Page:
Dem_States=['California', 'Colorado', 'Connecticut', 'Delaware', 'District of Columbia', 'Hawaii', 'Illinois', 'Kansas', 'Kentucky', 'Louisiana', 'Maine', 'Michigan', 'Minnesota', 'Nevada', 'New Jersey', 'New Mexico', 'New York', 'North Carolina', 'Oregon', 'Pennsylvania', 'Rhode Island', 'Virginia', 'Washington', 'Wisconsin'] #creating a list of states with Democratic governors

Now, let’s add a new column that denotes the governor’s party for each state (and DC). This requires importing the numpy library, which is a pillar for any serious math work in Python. The logic here is simple: if the state (i.e. Province_State value) has a Democratic party governor (i.e. the value is present in the Dem_States list), our new column (Governor_Party) will say Democratic. Otherwise, we print Republican. 

import numpy as np
df['Governor_Party']=np.where(df['Province_State'].isin(Dem_States), 'Democratic', 'Republican')


Time for analysis.

Data Analysis

Let me show you a few basic methods first before we move to the main event. First, we can use pd.sort_values to, well, do just that. We will be using the ascending=False argument to start from the highest number, and na_position='first' to put states without the relevant info at the start of the dataframe. This is the more relevant option here: whenever you see a figure too high, remember that there are states that do not provide certain info at all. Instead of continuously sorting the same dataframe, I suggest you make new dataframes for each metric based on the original one.

Let’s work on Percent_Positive_Rate. It’s time to use pd.apply to format the column values into percentages. The % tells the machine to multiply the result by 100 and print it as a percentage, while 2 denotes the number of digits (and those rounding up) in the printed results. 

df_ppr=df.sort_values(by='Percent_Positive_Rate', ascending=False, na_position='first') #new dataframe sorted by PPR
df_ppr['Percent_Positive_Rate']=df_ppr['Percent_Positive_Rate'].apply("{:.2%}".format) #converting decimals into percentages

Other columns will be easier. Let’s take a look at tests per 100,000 people. 

df_tr=df.sort_values(by='Testing_Rate', ascending=False, na_position='first') #new dataframe sorted by testing

A good number of states have more than 100,000 tests per 100,000 people. Does it mean that everyone has had at least one test? Not really: people get tests for a variety of reasons, and people with positive tests as well as confirmed contacts may be tested again. You can also see that, if we’re looking at the top 20 by testing per 100,000, the presence of Republican and Democratic states is pretty even. This is no surprise, as the original plan to create tests following a unique protocol led to significant test shortages across the country. 

Now, it would also be interesting to generalize some values. We can use pd.describe to check minimum, mean, standard deviation, maximum values for each column as well as percentiles. Let’s use the original dataframe for that.

df.describe() #printing table with key numbers about the dataframe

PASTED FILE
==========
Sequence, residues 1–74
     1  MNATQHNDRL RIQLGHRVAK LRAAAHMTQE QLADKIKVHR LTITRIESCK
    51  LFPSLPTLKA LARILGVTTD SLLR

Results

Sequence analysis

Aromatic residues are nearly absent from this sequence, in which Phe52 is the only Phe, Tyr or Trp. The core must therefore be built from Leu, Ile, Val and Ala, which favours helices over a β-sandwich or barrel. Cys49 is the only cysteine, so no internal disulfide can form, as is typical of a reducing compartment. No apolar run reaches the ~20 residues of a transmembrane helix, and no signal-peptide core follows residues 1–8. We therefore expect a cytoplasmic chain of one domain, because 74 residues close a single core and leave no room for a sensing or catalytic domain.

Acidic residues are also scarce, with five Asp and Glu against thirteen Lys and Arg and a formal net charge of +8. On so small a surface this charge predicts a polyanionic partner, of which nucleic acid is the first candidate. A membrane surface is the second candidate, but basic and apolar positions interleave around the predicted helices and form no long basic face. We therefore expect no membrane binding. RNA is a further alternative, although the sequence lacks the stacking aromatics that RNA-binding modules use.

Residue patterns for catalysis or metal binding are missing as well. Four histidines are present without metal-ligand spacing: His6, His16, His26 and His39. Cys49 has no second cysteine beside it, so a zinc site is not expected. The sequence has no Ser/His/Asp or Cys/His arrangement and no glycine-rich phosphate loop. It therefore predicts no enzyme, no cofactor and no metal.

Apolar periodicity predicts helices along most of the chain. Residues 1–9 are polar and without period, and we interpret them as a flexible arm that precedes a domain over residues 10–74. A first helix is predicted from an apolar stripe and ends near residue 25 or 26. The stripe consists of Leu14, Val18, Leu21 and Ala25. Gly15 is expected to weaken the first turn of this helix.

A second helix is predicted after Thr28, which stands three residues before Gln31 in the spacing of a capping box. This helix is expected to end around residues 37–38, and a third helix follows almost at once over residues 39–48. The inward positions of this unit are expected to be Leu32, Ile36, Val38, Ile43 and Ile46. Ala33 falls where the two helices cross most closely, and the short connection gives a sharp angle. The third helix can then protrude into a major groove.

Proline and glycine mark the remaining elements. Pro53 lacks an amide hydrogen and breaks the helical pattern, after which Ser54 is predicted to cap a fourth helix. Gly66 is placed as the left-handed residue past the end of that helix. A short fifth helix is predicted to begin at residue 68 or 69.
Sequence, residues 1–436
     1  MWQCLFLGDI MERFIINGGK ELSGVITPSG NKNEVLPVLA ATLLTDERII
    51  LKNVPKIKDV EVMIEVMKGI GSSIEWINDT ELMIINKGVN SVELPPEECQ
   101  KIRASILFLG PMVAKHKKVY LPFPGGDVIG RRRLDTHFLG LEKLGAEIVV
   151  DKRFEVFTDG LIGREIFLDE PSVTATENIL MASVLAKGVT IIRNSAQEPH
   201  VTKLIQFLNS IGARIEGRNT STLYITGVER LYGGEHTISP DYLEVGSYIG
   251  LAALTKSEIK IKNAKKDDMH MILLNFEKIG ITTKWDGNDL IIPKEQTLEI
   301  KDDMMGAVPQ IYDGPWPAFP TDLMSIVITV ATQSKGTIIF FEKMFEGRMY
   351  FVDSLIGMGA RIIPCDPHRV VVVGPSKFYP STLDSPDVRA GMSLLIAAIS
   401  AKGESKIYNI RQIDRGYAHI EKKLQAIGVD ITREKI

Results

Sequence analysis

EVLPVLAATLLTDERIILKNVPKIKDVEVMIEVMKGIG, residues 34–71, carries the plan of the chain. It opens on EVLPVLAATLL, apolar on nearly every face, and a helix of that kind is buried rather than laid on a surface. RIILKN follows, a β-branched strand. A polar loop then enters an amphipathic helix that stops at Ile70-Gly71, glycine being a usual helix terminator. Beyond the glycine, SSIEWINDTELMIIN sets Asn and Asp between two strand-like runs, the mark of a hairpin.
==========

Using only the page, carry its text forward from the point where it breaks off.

Ignoring the count row (it shows the number of values), we can see that the US states are far from polar when it comes to COVID response efficiency. The median (see row 50%) fatality of 1.54% is close to the mean of 1.70%, and it’s more of the same with cases per 100,000 people (5,440 and 5,546) as well as testing (a median of 69,317 with the mean of 73,776).

Finally, the outgoing president of the United States famously said that more testing means more positive results means more COVID cases. He also mentioned that less testing would mean less testing. Let’s see for ourselves with a correlation matrix. We start by creating a dataframe that has the relevant information for this exercise.

df_for_correlation=df[["Incident_Rate", "Total_Test_Results", "Case_Fatality_Ratio", "Testing_Rate", "Percent_Positive_Rate"]].copy() #smaller dataframe only with data relevant for correlation

Next, let’s do a neat correlation matrix with pd.corr and style it. The values will be up to 1, with a higher figure indicating that one value heavily increases/decreases when the other value does. If the number is negative, it means that the values are moving in the opposite direction.


The intersection of Percent_Positive_Rate and Testing_Rate gives us a correlation value of -0.63. It means that the more tests per 100,000 we do, the lower share of positive tests we get. In other words, ramping up testing does not give you a proportional increase in confirmed cases (unless you were hardly testing at all). Consequently, reducing the number of tests would not give you a 1:1 reduction in positive cases. This is common sense but common sense goes well with actual data. 

Final Words

This project is a simplified version of what a Data Scientist would be doing to investigate similar questions. A full-time specialist would put effort into removing outliers (such as removing states with sub 1% case fatality), potentially try and restore missing data (aggregating Recoveries without California and Missouri is somewhat moot), look deeper into various metrics for Democratic and Republican states only. We did, however, get quite a few insights from the data in a more efficient way than Excel allows. It’s wonderful when you can get and transform data to see things for yourself.

One way to advance your Data Science skills is to study Python with us. Our real-time classes and LMS materials will set you up for back-end jobs and provide you with data foundations. The next group starts in March.